The Access Initiative





Environmental Democracy Index Score

Zimbabwe scored well on the Transparency and Justice pillars, and received a fair score for the Participation pillar. There is an established right to access environmental information and most government authorities are obligated to proactively disseminate environmental information to the public. However, there is no requirement to release relevant and timely information during environmental emergencies. For the Participation pillar, the law requires the public to have opportunities to participate in decision making on most matters that may have impact the environment. However, only a few laws require government agencies to seek public input during the preparation of environmental policies and programs. For the Justice pillar, the public can challenge government decisions to deny environmental information requests, but there are no mechanisms to ensure that procedures for enforcing environmental laws will be completed in a timely manner. By addressing these issues, Zimbabwe could ensure that more environmental information is publicly disclosed, the government seeks input from the public on environmental decisions, and review procedures will be completed promptly.

Visit the Environmental Democracy Index to explore the EDI score.

As Zimbabwe underwent constitutional reforms in 2010, TAI Zimbabwe partners, along with other civil society organizations, demanded that environmental access rights be included in the constitution. A key meeting that year revolved around the constitutional reform process, environment and natural resources rights, the importance of access to information rights, and civil society strategies to engage in the process. This meeting concluded with a greater unity of civil society organizations around the inclusion of environmental rights in the constitution, prompting them to disseminate a position paper of constitutional demands and forward them to a government committee.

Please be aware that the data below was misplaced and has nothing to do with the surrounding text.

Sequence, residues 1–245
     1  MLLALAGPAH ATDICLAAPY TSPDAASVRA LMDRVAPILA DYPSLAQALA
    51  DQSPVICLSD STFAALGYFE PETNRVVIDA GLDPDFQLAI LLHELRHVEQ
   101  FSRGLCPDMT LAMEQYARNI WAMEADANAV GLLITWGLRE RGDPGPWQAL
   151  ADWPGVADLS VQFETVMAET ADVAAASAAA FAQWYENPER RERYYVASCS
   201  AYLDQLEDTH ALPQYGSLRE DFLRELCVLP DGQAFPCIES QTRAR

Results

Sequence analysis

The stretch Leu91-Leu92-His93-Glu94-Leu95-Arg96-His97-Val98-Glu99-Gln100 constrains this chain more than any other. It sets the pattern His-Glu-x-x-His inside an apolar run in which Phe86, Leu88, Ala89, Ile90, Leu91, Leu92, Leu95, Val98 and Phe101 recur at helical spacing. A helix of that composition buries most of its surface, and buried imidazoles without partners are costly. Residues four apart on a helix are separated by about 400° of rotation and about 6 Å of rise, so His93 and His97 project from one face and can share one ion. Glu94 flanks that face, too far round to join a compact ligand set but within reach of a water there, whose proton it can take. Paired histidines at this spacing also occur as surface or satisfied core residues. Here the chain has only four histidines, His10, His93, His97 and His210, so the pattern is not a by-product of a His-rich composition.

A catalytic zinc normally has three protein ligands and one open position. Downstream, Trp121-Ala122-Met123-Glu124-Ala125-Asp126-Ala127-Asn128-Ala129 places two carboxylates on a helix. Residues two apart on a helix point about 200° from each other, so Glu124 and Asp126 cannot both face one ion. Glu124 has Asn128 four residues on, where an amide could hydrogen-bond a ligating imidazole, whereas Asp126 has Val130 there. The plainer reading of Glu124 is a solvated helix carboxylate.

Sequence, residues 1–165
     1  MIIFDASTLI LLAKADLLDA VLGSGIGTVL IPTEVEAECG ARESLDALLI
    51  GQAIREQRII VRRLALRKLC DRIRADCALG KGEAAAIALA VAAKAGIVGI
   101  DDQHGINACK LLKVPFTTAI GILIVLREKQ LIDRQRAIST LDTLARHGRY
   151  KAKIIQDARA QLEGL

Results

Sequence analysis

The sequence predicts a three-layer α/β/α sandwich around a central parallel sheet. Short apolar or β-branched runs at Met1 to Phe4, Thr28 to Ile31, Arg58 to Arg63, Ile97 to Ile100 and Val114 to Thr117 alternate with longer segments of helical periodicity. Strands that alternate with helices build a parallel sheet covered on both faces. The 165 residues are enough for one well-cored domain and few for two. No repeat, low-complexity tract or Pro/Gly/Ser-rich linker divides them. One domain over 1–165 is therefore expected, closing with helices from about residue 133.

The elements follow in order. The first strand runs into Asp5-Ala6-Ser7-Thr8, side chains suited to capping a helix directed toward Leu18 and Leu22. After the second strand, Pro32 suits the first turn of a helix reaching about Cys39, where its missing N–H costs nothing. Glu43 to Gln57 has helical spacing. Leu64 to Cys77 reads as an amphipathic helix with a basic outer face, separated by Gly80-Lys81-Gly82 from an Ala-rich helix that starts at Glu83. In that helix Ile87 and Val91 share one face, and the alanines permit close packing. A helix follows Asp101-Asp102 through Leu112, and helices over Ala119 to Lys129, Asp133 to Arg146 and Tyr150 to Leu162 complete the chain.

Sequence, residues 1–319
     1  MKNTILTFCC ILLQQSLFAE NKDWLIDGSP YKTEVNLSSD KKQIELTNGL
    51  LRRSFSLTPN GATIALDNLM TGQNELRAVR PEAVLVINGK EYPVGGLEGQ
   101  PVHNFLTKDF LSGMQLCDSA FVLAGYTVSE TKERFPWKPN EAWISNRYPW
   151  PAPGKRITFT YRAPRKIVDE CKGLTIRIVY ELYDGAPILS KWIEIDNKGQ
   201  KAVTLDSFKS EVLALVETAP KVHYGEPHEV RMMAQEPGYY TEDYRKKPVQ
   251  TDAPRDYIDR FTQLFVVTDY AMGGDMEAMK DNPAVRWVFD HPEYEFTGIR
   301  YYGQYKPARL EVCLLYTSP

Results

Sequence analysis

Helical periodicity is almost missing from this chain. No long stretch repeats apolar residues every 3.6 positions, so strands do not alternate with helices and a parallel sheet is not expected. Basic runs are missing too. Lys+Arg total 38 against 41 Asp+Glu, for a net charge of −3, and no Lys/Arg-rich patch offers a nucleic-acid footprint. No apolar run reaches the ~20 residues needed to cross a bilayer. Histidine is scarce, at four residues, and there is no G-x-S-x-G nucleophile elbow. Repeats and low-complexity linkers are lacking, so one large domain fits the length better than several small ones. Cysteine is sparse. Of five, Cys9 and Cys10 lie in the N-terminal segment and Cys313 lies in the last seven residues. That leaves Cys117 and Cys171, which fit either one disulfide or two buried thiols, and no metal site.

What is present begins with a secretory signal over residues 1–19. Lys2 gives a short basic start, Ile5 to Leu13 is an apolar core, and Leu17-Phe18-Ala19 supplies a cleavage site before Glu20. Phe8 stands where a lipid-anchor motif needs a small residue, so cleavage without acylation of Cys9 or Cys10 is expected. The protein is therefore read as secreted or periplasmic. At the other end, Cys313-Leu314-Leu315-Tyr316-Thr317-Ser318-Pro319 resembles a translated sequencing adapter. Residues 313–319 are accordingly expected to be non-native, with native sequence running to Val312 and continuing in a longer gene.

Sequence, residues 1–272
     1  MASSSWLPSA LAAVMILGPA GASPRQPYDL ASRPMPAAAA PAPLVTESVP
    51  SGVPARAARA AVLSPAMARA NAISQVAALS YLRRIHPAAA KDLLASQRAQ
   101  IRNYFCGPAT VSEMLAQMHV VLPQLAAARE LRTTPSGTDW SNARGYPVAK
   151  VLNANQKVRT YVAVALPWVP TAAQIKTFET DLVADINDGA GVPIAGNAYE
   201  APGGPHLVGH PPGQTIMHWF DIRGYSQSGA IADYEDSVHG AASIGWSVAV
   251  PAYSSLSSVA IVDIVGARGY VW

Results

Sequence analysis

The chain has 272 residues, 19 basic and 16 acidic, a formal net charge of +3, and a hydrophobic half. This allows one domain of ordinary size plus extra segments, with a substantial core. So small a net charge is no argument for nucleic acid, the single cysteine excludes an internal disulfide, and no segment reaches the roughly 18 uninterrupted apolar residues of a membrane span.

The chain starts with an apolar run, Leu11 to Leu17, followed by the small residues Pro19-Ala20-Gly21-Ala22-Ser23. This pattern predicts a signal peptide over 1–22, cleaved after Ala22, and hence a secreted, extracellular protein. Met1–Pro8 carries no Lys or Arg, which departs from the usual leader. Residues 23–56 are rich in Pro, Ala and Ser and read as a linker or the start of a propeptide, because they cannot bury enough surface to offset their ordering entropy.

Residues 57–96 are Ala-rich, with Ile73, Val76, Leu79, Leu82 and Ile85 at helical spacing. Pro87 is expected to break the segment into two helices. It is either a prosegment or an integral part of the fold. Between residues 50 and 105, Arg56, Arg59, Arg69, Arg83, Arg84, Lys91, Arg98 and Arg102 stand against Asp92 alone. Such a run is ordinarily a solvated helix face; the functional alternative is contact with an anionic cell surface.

The Zimbabwe Environmental Law Association (ZELA) is a public interest law group and the lead national organization for TAI Uganda. It is committed to promoting the public interest in environmental decision making through legal and policy research, advocacy, impact litigation, conflict resolution and civic education.

Achievements TAI Zimbabwe has been active in assessing the state of access laws and implementation in Zimbabwe. This includes asking public authorities to release information to the public, such as asking the City of Harare to release a license document in 2007 and taking the City to the High Court of Zimbabwe in 2008 to compel it to release the information.


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